I absolutely love this question because I feel like so many photographers can relate to this or learn from it. For a while I felt like I didn’t have a style. My work flow was and is very driven by each individual portrait I take as its own work of art. I don’t use specific presets or do the exact same thing to every image I take. I edit based on what I want that particular image to convey. Over time, I realized there are specific creamy tones and colors I gravitate toward. What got to me though, is that these specific tones and muted colors are evident in most of my images, but not in all of them. This bothered me for a while because I felt like my Instagram feed wasn’t “unified”.

I went through a phase of not posting certain images simply because they were “too bright” or “too saturated” just so my feed would be cohesive in my eyes. And then I realized, I liked each individual image for what it is and not for how it compares to another. Each image I take is a strong image because treat it as it’s own work of art. So then, I started posting for me, and not for others, and I discovered a way to see my work as “unified”: the mood/vibes it gives off. My work is unique because of the moments I capture and the moody vibes they emit. This whole idea of posting for me and not for how others will judge my work is the biggest catalyst for my skill development and any boost of creativity I have.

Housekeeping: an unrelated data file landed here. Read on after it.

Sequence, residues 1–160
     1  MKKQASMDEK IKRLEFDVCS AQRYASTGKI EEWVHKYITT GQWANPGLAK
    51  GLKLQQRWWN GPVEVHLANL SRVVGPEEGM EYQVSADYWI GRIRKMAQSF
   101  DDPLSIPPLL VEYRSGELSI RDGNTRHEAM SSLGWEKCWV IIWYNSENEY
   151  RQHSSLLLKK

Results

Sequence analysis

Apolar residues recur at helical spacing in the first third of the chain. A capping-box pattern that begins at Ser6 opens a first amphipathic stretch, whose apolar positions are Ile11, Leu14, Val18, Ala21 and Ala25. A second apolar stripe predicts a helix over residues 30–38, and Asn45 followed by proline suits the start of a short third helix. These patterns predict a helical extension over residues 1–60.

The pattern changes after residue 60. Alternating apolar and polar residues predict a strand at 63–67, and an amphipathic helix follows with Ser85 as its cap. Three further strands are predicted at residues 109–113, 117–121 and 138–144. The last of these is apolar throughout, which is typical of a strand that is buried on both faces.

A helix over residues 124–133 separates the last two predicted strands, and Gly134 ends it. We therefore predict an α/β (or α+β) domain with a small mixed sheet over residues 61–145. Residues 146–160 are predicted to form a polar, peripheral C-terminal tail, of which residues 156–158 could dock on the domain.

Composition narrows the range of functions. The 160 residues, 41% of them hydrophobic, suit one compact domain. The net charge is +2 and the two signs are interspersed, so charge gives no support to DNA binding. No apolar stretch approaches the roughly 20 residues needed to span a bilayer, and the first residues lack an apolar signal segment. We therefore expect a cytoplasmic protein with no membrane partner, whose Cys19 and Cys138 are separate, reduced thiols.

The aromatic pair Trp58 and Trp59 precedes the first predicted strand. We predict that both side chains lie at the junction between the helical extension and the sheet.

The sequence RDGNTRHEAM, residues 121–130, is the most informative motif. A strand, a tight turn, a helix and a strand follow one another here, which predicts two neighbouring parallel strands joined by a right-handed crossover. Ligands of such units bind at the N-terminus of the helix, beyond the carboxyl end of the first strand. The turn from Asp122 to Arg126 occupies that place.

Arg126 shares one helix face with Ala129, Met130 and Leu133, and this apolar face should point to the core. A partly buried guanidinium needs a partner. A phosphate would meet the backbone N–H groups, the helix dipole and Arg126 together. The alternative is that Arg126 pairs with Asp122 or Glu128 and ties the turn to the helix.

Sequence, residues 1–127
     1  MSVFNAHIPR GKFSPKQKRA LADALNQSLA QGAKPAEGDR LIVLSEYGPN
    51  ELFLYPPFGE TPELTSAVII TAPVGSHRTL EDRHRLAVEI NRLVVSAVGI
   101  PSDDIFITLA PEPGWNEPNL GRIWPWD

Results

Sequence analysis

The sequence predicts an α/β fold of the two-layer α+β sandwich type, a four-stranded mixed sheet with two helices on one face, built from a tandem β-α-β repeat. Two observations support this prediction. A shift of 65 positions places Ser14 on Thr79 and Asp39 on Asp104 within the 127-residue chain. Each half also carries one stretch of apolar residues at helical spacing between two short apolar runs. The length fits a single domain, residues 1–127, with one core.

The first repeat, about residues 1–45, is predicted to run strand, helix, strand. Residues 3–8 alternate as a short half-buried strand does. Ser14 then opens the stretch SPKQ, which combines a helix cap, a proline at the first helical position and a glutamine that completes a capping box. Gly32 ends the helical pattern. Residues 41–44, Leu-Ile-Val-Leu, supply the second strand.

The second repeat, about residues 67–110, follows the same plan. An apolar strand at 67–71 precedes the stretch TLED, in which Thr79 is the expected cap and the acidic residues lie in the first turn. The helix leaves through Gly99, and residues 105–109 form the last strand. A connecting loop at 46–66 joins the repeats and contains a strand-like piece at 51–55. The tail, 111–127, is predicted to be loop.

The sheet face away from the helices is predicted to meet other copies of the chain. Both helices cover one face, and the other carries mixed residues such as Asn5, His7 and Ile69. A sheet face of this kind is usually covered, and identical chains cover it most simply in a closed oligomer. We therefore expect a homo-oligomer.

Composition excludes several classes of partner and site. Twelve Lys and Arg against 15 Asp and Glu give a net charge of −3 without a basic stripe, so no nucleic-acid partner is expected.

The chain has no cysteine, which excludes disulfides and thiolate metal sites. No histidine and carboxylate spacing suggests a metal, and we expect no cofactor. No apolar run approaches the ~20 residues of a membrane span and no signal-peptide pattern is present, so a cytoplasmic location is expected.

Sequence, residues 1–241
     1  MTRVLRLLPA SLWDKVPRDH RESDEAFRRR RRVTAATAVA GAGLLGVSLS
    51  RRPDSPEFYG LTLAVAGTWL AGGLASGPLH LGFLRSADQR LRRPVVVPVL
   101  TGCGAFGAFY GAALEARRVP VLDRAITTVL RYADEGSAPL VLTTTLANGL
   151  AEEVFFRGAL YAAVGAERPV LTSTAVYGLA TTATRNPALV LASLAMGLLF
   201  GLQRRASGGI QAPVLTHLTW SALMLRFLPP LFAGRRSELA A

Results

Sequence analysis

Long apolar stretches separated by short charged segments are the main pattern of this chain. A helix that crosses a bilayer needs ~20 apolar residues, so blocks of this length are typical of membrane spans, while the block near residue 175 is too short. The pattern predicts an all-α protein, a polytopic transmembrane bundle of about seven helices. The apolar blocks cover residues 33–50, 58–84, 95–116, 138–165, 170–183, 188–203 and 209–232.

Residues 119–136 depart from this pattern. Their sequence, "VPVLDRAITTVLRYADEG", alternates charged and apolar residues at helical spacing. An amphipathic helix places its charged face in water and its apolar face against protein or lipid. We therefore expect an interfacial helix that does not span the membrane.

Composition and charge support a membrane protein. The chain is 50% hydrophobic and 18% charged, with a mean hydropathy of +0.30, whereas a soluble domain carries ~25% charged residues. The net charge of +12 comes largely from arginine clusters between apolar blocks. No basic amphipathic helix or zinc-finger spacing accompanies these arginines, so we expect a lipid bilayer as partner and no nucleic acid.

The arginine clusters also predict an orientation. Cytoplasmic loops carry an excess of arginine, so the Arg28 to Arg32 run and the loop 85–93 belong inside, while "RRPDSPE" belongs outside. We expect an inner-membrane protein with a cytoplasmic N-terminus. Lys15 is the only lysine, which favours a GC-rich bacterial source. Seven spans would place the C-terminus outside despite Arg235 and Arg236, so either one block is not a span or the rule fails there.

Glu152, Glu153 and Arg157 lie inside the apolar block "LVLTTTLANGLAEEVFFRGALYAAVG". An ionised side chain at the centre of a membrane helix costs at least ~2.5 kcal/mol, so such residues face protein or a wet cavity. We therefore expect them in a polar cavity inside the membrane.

What is the best thing you’ve experienced by being a photographer?

The best part about my job is showing ordinary people in a light they have never seen themselves before. By this, I don’t mean that I make them look unnatural; I find ways to pose them or get a reaction out of them that is candid and then create portraits that make them feel beautiful in their own skin. The fact that these moments I’ve captured for either seniors, couples, or families will last a lifetime is *so* incredibly fulfilling to me. The reaction that I get out of my clients and friends after I shoot them is the reason why i keep doing what I do.

Is there anything we didn’t ask you about that you’d like to share?

Stop playing the game of comparing. Admire and be inspired, but don’t let other’s work or experience make you feel like you aren’t good enough. You are capable of creating something unique that nobody else could ever create. Embrace the way you see life and capture the story around you. The moment you start copying others is the moment you stop creating. What is art if you aren’t creating?

We’d like to thank Lauren for such an insightful interview! If you’d like connect with her further here are some links to her other social media networks!